LEAH SCHAPIRA, author of Fresh & Easy Kosher Cooking, finds that pasta benefits from similar techniques. Her confetti orzo (barley-shaped pasta) is flavored with a medley of sauteed onions, mushrooms and tomatoes that cooks for a few minutes with spinach, garlic and soy sauce. To give depth of flavor to her salad of orzo and fresh dill, she stirs in diced carrots and garlic browned by roasting instead of sauteing, and dresses the orzo with lemon juice, olive oil, green onions, salt and pepper.
California chef John Ash, author of Cooking One on One, ensures that his zucchini soup won’t be bland by combining the cooked zucchini and their broth with onions sauteed in olive oil with spices – minced hot pepper, fennel seeds, cinnamon and cumin. After pureeing the soup, he finishes it with buttermilk and salt and pepper and serves it cold or at room temperature.
To add flavor to cooked beans, he stirs in sauteed mushrooms and sauteed shallots that simmer briefly with white wine and tomatoes, and a sprinkling of gremolata – a classic mixture of minced garlic, minced parsley and grated lemon zest.
Another useful way to boost flavor is to incorporate sauteed aromatic vegetables at two different points in the preparation of a dish. In the lentil and chard soup below, I leave half the sauteed onions and garlic in the pot to subtly flavor the lentils as they cook, and stir in the rest at the end for a more pronounced taste.
Try any of these techniques to enhance your soups, legumes and rice dishes. Simple tips like these can make a difference between bland and flavorful food.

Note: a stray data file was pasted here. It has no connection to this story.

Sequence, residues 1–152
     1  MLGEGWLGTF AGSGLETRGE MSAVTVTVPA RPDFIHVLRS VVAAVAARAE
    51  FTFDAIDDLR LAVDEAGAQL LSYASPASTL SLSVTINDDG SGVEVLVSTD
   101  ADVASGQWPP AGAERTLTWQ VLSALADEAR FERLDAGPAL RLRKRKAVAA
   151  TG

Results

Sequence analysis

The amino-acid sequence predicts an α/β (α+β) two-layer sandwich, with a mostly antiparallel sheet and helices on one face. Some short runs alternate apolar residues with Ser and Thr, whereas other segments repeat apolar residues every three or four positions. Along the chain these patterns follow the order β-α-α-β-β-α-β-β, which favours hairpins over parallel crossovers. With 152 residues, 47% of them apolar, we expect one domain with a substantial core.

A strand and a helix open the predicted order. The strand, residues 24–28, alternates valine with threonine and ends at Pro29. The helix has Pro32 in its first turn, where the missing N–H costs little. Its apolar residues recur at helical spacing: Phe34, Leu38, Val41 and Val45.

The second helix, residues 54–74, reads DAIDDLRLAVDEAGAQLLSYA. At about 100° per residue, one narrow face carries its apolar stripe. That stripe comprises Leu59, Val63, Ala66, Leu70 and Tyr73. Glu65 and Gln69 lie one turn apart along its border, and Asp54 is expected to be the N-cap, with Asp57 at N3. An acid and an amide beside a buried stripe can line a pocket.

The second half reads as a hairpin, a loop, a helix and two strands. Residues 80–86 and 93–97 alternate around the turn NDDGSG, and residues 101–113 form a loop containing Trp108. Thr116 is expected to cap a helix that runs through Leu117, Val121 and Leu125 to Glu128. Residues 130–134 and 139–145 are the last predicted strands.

Faye Levy is the author of Feast from the Mideast.
Many like the classic formula of this Lebanese soup – lentils, chard, sauteed onions and garlic. Others relish the soup even more when they spice it with cumin, cilantro (fresh coriander) and cayenne. As with many lentil dishes in the Mideast, fried onions are a favorite finishing touch in this recipe, and so is lemon juice.
Some cooks make this soup more substantial by cooking the lentils with potatoes, noodles or bulgur wheat. You can substitute spinach for the chard.
Makes 4 servings.
11⁄2 cups brown or green lentils 2 Tbsp. extra virgin olive oil 1 large onion, chopped 3 large garlic cloves, chopped 4 to 6 cups water, or vegetable broth mixed with water 350 to 450 gr. (3⁄4 to 1 pound) chard, rinsed and chopped Salt and freshly ground pepper 1 tsp. ground cumin (optional) 1⁄4 cup chopped cilantro (fresh coriander) pinch of cayenne pepper (optional) lemon wedges (for accompaniment)